Both medications and surgical treatment can be used for the management of PCOS. Infertility may be treated by fertility therapy with ovulation-inducing drugs.

  • Drug Therapy: Clomiphene citrate,  may be prescribed to patients, the drug 25mg-100mg dose can be given day2 to day 6 of your cycle, it can also be given day 5 to day 9 of the cycle. In some patients, the doctor may add metformin to clomiphene to inhance the function of the drug and help induce ovulation. Another oral drug that is superior to Clomid is Letrozol, the usual dose 2.5-5 mg and given day 3 to day 9 of the cycle. Dr Alexander will be doing ultrasound to check the growth of follicles and determines the time of ovulation.

In patients not responding to clomiphene and metformin, gonadotropins, namely, follicle-stimulating hormone (FSH) can be administered by injection.

  • Lifestyle Modifications and anti-diabetic medications may be prescribed for the management or prevention of obesity and diabetes mellitus.

  • Surgery may be recommended in patients who do not respond to medications. Laparoscopic ovarian drilling, an outpatient surgical procedure, may be used to treat the condition and induce ovulation.

If PCOS is Not Treated

Patients with polycystic ovarian syndrome frequently develop other serious medical conditions such as

  • diabetes mellitus,

  • cardiovascular diseases,

  • pregnancy induced high blood pressure,

  • miscarriage or premature delivery.

These patients are also at risk of uterine cancer, anxiety or depression.

Cancer Related issues for Women

The treatment of cancer may pose temporary or permanent fertility problems in both men and women. The effects may be immediate or show up much later in life.

Various factors, such as the type of cancer, treatment and age, determine your chances of infertility following treatment.

Any cancer therapy would involve one or more of the three general techniques –

  • chemotherapy or the use of high-end medication,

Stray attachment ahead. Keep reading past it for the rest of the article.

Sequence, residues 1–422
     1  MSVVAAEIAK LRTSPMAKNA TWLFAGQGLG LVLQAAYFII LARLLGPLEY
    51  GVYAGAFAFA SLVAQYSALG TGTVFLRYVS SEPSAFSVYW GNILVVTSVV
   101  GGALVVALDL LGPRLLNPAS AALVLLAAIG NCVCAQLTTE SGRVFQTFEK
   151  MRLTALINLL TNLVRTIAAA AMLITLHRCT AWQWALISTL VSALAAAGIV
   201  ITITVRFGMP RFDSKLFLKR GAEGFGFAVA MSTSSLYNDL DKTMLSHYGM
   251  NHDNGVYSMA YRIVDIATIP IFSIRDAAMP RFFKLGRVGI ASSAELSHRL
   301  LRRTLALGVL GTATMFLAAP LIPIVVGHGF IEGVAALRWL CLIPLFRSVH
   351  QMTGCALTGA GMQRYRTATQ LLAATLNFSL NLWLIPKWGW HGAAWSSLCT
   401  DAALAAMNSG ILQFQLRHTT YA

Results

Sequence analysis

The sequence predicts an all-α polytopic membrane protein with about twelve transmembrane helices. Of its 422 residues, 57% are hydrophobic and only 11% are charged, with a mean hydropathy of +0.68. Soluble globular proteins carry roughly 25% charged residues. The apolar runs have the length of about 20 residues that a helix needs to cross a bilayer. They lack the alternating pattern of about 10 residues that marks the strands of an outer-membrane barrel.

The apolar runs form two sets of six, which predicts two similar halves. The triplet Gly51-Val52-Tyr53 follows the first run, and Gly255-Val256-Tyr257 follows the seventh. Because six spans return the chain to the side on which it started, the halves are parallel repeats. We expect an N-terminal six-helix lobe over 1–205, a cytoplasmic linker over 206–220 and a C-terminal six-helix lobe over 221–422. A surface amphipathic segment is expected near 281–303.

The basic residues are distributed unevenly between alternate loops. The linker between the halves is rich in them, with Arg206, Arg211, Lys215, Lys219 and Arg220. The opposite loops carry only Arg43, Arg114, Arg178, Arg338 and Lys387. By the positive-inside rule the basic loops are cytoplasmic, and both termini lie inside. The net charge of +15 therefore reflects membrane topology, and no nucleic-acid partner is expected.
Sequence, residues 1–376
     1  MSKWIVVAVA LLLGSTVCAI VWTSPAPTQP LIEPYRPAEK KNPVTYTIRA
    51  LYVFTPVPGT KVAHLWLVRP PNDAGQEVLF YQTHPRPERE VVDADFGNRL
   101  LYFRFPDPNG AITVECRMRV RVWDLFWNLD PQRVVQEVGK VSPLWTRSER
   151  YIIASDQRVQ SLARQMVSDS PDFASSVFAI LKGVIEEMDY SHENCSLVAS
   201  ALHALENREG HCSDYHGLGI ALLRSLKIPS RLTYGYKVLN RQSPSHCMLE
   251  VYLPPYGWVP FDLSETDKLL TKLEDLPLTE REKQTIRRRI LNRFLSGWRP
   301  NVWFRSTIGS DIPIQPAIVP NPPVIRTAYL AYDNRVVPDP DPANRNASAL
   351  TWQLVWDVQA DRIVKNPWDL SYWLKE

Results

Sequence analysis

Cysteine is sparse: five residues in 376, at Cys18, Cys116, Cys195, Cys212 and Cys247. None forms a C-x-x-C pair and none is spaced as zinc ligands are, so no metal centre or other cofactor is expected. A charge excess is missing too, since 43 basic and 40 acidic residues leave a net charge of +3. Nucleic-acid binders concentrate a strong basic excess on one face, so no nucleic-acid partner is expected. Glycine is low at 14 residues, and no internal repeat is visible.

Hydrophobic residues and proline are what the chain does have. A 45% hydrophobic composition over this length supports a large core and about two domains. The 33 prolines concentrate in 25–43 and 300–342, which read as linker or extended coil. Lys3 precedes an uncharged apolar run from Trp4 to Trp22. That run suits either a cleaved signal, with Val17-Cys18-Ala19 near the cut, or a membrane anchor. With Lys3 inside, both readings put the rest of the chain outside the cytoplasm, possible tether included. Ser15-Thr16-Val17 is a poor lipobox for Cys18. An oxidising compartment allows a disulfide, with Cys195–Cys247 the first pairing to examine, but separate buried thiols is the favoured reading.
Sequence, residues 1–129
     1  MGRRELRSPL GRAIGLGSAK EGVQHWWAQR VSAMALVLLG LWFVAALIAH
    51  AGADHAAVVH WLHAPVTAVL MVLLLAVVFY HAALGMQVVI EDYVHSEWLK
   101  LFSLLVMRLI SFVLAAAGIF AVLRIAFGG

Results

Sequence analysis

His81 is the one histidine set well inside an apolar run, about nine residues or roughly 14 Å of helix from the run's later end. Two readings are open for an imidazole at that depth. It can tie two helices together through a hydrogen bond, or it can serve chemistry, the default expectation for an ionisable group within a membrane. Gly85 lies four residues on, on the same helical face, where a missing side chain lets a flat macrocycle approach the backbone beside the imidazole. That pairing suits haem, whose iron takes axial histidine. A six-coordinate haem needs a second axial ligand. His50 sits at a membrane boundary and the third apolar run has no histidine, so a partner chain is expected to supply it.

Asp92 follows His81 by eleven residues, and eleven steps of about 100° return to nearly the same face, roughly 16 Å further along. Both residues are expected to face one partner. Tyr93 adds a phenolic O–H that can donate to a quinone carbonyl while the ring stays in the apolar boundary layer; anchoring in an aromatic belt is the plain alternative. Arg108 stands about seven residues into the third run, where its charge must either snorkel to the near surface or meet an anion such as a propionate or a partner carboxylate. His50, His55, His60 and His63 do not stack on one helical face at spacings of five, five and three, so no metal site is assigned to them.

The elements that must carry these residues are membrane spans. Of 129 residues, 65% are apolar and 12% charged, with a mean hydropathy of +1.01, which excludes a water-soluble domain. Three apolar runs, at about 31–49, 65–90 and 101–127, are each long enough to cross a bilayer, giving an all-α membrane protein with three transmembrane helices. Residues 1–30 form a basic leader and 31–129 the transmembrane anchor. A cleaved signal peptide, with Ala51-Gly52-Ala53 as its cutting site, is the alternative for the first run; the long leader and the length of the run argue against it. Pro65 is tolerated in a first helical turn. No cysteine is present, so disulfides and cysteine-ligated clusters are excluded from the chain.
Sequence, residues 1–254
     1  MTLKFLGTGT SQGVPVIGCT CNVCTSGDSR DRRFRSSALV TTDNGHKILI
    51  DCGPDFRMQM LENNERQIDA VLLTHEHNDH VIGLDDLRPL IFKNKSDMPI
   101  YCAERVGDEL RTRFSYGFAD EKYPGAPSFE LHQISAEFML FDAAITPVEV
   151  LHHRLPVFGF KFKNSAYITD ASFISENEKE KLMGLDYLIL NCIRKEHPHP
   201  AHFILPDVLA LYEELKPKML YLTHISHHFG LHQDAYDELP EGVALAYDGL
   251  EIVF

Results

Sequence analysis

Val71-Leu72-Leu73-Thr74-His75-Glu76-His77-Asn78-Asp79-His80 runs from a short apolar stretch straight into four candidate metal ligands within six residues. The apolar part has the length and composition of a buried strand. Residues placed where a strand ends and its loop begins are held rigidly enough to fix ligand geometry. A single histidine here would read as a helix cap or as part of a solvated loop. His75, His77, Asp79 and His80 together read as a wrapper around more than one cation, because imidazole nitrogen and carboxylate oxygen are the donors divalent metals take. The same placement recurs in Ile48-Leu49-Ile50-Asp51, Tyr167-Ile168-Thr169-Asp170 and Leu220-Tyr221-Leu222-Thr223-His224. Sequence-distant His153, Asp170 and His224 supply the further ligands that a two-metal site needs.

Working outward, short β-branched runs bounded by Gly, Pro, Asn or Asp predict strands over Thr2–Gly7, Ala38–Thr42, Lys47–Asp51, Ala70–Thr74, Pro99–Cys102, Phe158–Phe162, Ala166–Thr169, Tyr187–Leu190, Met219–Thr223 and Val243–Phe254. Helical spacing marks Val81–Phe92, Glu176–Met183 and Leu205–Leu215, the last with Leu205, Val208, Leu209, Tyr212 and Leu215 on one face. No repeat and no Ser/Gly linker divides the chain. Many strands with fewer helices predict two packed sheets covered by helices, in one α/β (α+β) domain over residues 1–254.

• radiotherapy, which is the use of high-energy radiation and

  • surgery to destroy and remove cancer cells.

The higher the dose of chemo and radiation therapy, and the older you are, the greater its effect on fertility.

Cancer therapy can damage the endocrine glands (glands that release hormones essential for puberty and fertility.

Fertility Preserving Options for Women

The options for women may include:

  • Embryo freezing: involves the collection of mature eggs and fertilization with sperm in the laboratory. The resulting fertilized embryos are frozen and preserved until the woman is ready to become pregnant.

  • Oocyte freezing: involves the collection of mature eggs and freezing them (without fertilization with sperm).

    • In case of early-stage cervical cancer and ovarian cancer, fertility preserving surgery is performed to remove the cervix and affected ovary, respectively, keeping the uterus intact.

    • This will help the woman to get pregnant and deliver the baby by caesarean section.

  • Oophoropexy: Involves surgically moving the ovaries away from the path of radiation and bringing them back to their original position after treatment, with an intention of protecting the ovaries from radiation therapy.

  • In girls who have not yet entered puberty, ovarian tissue preservation is performed, which involves the surgical removal of ovarian tissue and preserving it by freezing. The tissue may be transplanted back into the girl after the cancer treatment.

Fertility-preserving procedures may vary for each individual and each condition. You can discuss with Dr Alexander in detail before you decide.

Recurrent Pregnancy Loss

Infertility and recurrent pregnancy loss

Infertility is defined as not being able to get pregnant despite having frequent, unprotected sex for at least a year for most people and six months in certain circumstances.